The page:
For example, startup health plans often must channel more of their revenue into their initial operating expenses to help pay for the costs associated with launching a new health plan. But controls placed on the operating margins of health plans, limiting how much money they can spend on administration, has made it more difficult for new health plans to get started.
As a consequence, there has been very little investor capital entering this space, and little new de novo plan formation. Under the entire Obama presidency, there has been no net new plan formation. Only about 50 new health carriers have entered the commercial market since 2008, according to a November analysis from the investment firm Goldman Sachs. Half of these are the struggling not-for-profit co-op plans that the ACA subsidizes. At the same time, around 40 health plans have also left the market over this same stretch of time. Many of these plans merged with competitors, but at least 13 were shut down or liquidated.
Working with research staff at the American Enterprise Institute, I developed data that shows even fewer new health plans entering the market since 2008. We defined new entrants as health carriers or provider organizations that sold health insurance plans sometime between 2008 and 2015 and had never before offered coverage in the market. We found only 38 new entrants. Of these plans, 23 were co-ops, 6 were provider-sponsored plans being offered by hospitals or health systems, and only 7 were new commercial carriers.
The market for commercial plans, however, stands in contrast to what’s unfolding in the Medicare Advantage market. There, despite consolidation that has concentrated more plans in the hands of a smaller number of very large carriers, there is still new plan formation and new capital being invested behind the creation of brand new health insurance carriers.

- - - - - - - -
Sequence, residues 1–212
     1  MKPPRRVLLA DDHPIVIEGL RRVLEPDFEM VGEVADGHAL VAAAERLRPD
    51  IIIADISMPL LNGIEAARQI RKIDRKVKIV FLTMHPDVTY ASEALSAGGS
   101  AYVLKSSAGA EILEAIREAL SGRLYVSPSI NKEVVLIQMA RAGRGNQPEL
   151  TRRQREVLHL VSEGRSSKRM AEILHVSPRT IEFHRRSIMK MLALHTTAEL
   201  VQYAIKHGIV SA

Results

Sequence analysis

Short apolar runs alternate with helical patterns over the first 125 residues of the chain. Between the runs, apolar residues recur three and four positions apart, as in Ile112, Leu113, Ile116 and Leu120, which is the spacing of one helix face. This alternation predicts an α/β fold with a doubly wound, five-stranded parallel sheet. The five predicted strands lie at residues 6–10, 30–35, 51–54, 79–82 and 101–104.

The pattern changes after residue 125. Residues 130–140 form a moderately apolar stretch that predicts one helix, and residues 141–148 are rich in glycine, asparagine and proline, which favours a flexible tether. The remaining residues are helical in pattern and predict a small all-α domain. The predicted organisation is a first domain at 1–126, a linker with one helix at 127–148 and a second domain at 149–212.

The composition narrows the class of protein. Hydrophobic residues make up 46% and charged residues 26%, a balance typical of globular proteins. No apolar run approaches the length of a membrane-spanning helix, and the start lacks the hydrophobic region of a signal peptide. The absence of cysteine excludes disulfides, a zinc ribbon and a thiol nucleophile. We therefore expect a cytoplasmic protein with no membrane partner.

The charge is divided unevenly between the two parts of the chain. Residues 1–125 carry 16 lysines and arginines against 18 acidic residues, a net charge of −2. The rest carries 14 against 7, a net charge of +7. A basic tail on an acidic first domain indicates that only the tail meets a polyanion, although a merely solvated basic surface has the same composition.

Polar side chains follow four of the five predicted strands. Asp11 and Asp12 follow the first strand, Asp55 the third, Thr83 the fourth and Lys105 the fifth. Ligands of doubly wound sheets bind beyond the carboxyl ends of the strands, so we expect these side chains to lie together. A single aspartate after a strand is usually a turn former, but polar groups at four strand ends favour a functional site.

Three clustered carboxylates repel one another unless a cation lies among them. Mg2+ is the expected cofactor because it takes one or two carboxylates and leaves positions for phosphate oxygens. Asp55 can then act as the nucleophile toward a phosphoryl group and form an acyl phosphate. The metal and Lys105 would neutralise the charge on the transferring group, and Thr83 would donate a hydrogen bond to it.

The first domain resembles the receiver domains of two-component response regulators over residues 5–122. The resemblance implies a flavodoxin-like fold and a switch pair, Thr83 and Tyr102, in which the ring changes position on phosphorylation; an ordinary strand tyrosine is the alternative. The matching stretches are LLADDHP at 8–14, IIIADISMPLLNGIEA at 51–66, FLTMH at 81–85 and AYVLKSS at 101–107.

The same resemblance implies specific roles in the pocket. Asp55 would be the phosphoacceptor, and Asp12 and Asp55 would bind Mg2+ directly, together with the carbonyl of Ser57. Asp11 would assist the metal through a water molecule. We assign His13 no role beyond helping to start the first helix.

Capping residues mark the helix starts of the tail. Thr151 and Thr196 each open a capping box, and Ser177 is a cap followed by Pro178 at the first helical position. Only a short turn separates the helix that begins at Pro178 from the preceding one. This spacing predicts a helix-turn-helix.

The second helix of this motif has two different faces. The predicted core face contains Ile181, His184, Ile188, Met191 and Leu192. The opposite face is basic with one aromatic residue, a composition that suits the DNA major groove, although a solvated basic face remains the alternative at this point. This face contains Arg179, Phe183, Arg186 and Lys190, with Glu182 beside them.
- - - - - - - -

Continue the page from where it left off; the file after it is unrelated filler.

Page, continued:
In large part, this more vibrant economic activity is being driven by secular trends that are growing the market for Medicare Advantage plans. As a consequence, according to a new analysis released by the consulting firm Avalere Health, at least 28 new parent organizations entered the MA market from 2012 to 2014 and currently offer coverage. Together, these new entrants offer 104 plan options to more than 13.6 million beneficiaries in 24 states. Medicare beneficiaries in 2015 can choose from an average of 18 MA plan options.
This activity is notable in part because the MA plans have been a focus of the recent acquisitions. Observers worry that the consolidation of large health plans will lead to too much concentration of the Medicare business, and fewer choices for beneficiaries.
There’s no indication that the Medicare Advantage market is suffering the same stagnation as the commercial plan space. On a relative basis, investors have perceived Medicare plans as a more attractive market in recent years. Secular trends that are growing the MA market are a big factor, as is the relative value of Medicare business when compared to traditional commercial plans, where there is increasing unpredictability and shrinking profitability.
Medicare enrollment is projected to grow organically to 66 million by 2021 from 54 million today, owing to an aging population. The Medicare Advantage program has been attracting a growing proportion of these new-to-Medicare beneficiaries. Moreover, I believe that the recently enacted “doc fix” is going to continue to drive more beneficiaries into MA plans.
The complexity that the new law creates for providers that see Medicare beneficiaries as part of the program’s fee-for-service schedule is going to grow significantly as a result of the provisions in the new law. I predict that more providers are going to opt to see most or all of their Medicare patients under the auspices of one or a few Medicare Advantage plans. While consolidation is shrinking options in an already contracting commercial market, the contours of the Medicare market are different. There is still new investor capital coming into the MA space, new Medicare plans being formed, and a net expansion in the number of offerings.